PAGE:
The last time I was in Springfield, I was much younger than I am today. My parents took me and my brother to visit Abraham Lincoln’s Home. (Interesting how certain memories stay with you for years.) David had never been to Springfield so we decided to stop there on our way west.
We began our exploration of Lincoln’s life and legacy at the Lincoln Tomb. This solemn resting place in Oak Ridge Cemetery, highlights his accomplishments. The 117 foot tall obelisk that sits atop a square platform is a symbol of the nation’s awe and respect for this man. On each of the four corners of the base are four bronze group sculptures of the Civil War military services: infantry, artillery, cavalry, and navy. Lincoln was a strong supporter of all of these military branches.
In front of the large monument is a bronze reproduction of the head of Lincoln, which is displayed in the U. S. Capitol in Washington D. C.
We were happy that we were allowed to enter the tomb itself. As you enter the south entrance, you step into a large rotunda with high polished marble walls. The interior hallways are also marble and there are smaller scaled statues of Lincoln. Embedded in the walls are excerpts from three of his most famous speeches: his farewell speech to Springfield, the Gettysburg Address, and his second Inaugural Address. As we walked the halls of the Tomb, there was an African American man who read the speeches to us and shared his interpretation of the speeches with us. His reading of these profound words added even more gravitas to his recitation. It was quite moving to hear Lincoln’s words and to listen this man’s reflection on his present day situation in our nation.
Larkin Mead, a renowned sculptor, designed this massive brick and granite monument. Construction began in 1868 but was not completed until 1874. During the construction phase, Lincoln’s remains were placed in a vault just down the hill from the tomb. You can visit that site also. When the monument was complete, the President’s wife, Mary, and three of their four children, Edward, Willie and Tad were also entombed there.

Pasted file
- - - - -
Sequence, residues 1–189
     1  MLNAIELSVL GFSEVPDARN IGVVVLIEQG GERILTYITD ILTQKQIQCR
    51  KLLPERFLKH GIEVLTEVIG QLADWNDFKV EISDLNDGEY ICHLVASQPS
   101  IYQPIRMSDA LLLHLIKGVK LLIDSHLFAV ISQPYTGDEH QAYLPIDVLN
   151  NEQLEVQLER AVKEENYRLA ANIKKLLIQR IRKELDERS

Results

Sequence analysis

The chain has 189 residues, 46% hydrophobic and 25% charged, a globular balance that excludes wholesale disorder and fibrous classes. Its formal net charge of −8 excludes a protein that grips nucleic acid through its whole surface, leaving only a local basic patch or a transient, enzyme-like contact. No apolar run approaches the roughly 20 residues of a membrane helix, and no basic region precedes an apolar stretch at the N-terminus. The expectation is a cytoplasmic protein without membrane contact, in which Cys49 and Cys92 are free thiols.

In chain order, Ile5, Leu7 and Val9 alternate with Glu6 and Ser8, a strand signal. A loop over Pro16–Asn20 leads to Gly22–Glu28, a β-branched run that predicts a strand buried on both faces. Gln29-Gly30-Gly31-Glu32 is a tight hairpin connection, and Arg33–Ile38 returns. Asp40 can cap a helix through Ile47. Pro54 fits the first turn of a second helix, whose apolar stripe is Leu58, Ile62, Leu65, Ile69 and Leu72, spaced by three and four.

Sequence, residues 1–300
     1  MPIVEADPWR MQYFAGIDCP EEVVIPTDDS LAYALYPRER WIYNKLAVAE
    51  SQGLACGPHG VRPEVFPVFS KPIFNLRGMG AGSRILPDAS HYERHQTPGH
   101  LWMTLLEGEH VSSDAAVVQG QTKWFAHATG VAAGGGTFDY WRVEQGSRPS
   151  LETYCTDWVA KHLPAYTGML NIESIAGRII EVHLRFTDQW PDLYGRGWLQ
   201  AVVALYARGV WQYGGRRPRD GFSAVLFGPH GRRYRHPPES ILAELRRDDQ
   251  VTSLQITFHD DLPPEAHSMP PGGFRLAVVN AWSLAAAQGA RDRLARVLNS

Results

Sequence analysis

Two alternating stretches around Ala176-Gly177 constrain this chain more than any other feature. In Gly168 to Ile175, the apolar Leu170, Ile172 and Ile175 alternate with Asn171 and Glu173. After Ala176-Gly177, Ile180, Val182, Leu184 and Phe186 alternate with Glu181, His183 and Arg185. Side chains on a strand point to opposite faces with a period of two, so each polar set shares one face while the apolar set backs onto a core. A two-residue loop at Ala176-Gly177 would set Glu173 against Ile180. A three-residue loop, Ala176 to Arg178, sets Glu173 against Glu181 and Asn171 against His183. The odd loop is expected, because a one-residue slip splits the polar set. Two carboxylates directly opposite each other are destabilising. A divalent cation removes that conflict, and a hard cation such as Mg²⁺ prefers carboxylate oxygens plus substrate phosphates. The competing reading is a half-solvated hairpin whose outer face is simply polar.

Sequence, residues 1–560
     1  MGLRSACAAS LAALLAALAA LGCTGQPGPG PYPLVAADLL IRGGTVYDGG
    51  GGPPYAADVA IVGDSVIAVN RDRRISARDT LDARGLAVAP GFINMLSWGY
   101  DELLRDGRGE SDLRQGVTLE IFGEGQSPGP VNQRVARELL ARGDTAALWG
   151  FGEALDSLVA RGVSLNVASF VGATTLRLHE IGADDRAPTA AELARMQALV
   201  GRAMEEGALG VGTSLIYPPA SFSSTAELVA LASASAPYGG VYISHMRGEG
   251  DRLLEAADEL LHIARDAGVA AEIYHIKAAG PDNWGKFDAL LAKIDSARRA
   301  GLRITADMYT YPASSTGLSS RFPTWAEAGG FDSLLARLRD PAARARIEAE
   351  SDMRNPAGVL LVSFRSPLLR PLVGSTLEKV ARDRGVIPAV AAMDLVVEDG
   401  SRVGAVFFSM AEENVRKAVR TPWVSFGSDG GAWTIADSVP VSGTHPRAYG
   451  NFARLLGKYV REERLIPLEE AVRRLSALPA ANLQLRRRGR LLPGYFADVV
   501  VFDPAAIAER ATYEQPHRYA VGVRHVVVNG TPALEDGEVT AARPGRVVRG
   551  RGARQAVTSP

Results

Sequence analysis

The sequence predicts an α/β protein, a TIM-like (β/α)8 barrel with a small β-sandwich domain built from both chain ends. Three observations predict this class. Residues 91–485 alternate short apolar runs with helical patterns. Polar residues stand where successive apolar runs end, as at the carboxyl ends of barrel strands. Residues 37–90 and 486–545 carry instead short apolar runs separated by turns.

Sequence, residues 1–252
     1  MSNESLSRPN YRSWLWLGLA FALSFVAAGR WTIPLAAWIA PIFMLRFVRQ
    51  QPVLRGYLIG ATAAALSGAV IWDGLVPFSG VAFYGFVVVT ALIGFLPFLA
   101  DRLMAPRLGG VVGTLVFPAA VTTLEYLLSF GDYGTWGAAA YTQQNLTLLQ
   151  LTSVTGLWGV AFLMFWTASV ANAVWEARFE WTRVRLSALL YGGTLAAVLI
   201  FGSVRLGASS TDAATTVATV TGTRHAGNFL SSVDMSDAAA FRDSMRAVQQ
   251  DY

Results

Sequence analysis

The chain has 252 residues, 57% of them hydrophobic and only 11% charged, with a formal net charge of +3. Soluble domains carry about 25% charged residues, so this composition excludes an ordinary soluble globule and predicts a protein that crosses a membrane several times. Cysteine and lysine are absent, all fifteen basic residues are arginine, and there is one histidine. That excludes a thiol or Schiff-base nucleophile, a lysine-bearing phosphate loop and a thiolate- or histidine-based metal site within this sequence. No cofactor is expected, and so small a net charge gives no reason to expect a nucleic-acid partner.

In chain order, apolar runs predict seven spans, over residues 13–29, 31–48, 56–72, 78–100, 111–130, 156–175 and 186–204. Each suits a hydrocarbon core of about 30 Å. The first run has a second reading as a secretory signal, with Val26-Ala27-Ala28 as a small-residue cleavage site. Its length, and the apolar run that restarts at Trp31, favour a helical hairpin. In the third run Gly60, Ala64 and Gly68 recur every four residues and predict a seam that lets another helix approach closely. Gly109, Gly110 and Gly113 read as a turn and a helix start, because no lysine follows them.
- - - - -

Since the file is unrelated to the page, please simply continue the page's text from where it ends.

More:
There have been two extensive reconstructions of Lincoln’s Tomb: one in 1900-1901 and the other in 1930-1931. The docent there told us that the second one called for deconstructing the entire building to shore up the foundation because it could not support the weight of the towering obelisk. At that time, they also installed the granite and bronze in the interior walls.
The Lincoln Tomb is truly an impressive site. Due to its importance, it was designated a National Historic Landmark in 1960 and it was placed on the National Register of Historic Places in 1966.
Next, we headed to the Abraham Lincoln Presidential Museum in downtown Springfield. Next to the museum is Union Square Park. On one side of the park is the old Union Railroad Station that opened in 1898. It closed in 1971 and it was slated for demolition but the city chose to save it. This beautifully restored brick and stone building with its clock tower now houses the Illinois Visitor Center. The park itself is lovely and has two statues of President Lincoln.
The Abraham Lincoln Presidential Museum did not exist when I last visited Springfield. The museum opened in 2005 and is an experiential museum with high-tech exhibits, multi-media programs, and interactive displays.
When you arrive, you will see a replica of Lincoln’s boyhood home and the front of the White House as it appeared in 1861. The displays focus on two time periods: Lincoln’s early life and his time as president in Washington D. C. Instead of having static exhibits, you walk through the exhibits and get to witness history in the making. It is as if you are actually in the room when major events occur. As you “journey” through time, you will learn about our 16th president. His joys, as well as his trials, anguish, and disappointments are on full display.
In addition to the interactive exhibits, there are a special effects theater and a holographic theater. Both of these presentations add to your knowledge and your understanding of this gifted yet complicated man.
Notable historic artifacts from the Lincoln collection can be found in the Treasures Gallery. For example, there is the original hand written copy of the Gettysburg Address and the quill pen that Lincoln used to sign the Emancipation Proclamation.
The Abraham Lincoln Presidential Museum is creative, entertaining, and informative environment. It is a “must see” when you are in Springfield. (When we visited the museum, admission was free if you showed your vaccination card. Also, museum parking was free downtown.)
Not far from the Presidential Museum is the building where Abraham Lincoln practiced law. He was a partner in the Lincoln-Herndon Law Office from 1843-1852. The first floor of the renovated building is now the location of the Springfield Visitor Center. Also on that floor is a replica of Lincoln’s law office and also a post office that was also in the building during Lincoln’s time there. It is worth a short visit to see this historic site.
We had an exciting day learning more about Abraham Lincoln, our 16th president. Although we had a full day, Lincoln’s Home and the Old State Capitol, where he gave his famous House Divided speech, were not open yet due to COVID. Rain also kept us from visiting New Salem and several other outdoor sites. Guess we will have to make a return trip to Springfield so that David can visit Lincoln’s Home.